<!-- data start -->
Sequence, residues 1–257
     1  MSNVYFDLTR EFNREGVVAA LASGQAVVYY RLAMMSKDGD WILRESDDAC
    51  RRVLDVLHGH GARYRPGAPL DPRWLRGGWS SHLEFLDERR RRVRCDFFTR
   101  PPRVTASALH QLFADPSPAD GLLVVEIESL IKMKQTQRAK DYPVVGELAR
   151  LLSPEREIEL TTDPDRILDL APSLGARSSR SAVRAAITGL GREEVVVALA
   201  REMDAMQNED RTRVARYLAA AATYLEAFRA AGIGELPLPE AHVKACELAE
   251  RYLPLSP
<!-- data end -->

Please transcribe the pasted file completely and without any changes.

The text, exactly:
Sequence, residues 1–257
     1  MSNVYFDLTR EFNREGVVAA LASGQAVVYY RLAMMSKDGD WILRESDDAC
    51  RRVLDVLHGH GARYRPGAPL DPRWLRGGWS SHLEFLDERR RRVRCDFFTR
   101  PPRVTASALH QLFADPSPAD GLLVVEIESL IKMKQTQRAK DYPVVGELAR
   151  LLSPEREIEL TTDPDRILDL APSLGARSSR SAVRAAITGL GREEVVVALA
   201  REMDAMQNED RTRVARYLAA AATYLEAFRA AGIGELPLPE AHVKACELAE
   251  RYLPLSP